Seventy percent of cell phone users – 63 percent of New Yorkers – use smartphones, including 83 percent of those under 35. By a margin of 53-43 percent, most New York smartphone users have chosen iPhones over Androids.
Nearly three-quarters of New Yorkers – including nine in ten New Yorkers under 35 and slightly more than one-quarter of those 65 and older – use their cell phones for texting.
“Texting has become virtually ubiquitous among younger New Yorkers, and even a significant and growing percentage of older New Yorkers are using their cell phones to text,” Levy said. “And cell phone emailing is not far behind. Nearly half of New Yorkers, including more than three-quarters of smartphone users, say they send and receive emails on their cell phones.”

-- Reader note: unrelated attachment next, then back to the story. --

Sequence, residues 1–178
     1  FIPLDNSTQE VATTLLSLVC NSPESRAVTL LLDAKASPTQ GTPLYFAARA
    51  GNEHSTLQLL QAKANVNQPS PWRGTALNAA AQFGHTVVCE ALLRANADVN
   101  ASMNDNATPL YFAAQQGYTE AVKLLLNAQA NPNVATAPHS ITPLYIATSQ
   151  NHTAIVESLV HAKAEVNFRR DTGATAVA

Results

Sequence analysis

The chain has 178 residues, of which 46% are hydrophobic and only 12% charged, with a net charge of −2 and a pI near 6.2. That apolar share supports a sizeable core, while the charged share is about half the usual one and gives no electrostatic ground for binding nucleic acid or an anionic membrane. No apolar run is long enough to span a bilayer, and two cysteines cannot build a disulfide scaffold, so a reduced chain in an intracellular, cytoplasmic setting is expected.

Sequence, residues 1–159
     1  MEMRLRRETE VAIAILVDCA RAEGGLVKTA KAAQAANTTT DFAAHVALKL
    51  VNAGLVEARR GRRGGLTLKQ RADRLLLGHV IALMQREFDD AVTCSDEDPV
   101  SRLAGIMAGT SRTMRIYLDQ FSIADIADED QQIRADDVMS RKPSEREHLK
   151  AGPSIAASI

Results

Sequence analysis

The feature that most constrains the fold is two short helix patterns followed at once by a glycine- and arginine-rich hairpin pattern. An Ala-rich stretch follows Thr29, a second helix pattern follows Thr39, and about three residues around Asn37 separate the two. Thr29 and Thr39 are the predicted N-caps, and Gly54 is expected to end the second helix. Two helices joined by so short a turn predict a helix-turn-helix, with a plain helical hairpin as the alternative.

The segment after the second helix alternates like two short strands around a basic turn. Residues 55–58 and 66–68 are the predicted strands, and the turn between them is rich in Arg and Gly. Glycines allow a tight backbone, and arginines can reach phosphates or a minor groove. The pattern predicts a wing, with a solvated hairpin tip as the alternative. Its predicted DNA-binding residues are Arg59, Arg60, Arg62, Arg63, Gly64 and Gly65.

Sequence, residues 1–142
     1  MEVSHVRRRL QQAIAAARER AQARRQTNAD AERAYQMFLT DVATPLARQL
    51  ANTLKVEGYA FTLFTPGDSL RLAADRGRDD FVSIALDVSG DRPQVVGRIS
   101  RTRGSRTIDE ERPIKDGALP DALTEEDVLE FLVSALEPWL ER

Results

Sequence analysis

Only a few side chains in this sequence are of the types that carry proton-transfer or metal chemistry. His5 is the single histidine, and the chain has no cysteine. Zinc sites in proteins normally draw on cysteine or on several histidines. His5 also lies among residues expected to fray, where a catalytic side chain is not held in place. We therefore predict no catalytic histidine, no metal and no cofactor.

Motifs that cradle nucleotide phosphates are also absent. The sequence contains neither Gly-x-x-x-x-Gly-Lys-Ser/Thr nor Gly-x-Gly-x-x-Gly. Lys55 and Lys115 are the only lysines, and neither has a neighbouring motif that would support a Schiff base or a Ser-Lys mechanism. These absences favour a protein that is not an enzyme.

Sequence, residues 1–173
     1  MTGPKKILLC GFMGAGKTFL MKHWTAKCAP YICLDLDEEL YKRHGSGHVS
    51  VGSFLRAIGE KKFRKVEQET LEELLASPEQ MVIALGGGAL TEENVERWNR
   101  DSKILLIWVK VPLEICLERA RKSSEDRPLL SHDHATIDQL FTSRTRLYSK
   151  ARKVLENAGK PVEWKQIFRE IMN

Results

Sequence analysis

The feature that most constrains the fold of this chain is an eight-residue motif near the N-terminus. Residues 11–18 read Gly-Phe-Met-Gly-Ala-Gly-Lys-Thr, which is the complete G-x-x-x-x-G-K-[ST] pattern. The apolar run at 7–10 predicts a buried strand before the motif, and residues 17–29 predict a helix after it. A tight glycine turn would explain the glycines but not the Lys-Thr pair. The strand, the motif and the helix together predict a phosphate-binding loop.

Nearly two-thirds of those with smartphone (63 percent) use it for both work and personal use, compared to 36 percent who only use it for personal use. Nine in ten smartphone users have downloaded apps on to their phone.
More than half of New Yorkers (84 percent of those with smartphones) use their phones for travel directions. More than two-thirds of those with smartphone use it for tracking news (42 percent of all New Yorkers) and Facebook (41 percent of New Yorkers). Additionally, 40 percent of New Yorkers say they use their cell phones to listen to music, 27 percent use them to Skype or Facetime, and 22 percent watch movies on their cell phones.
Half of smartphone users (39 percent of all New Yorkers) use wireless technology – including Bluetooth – from their cars.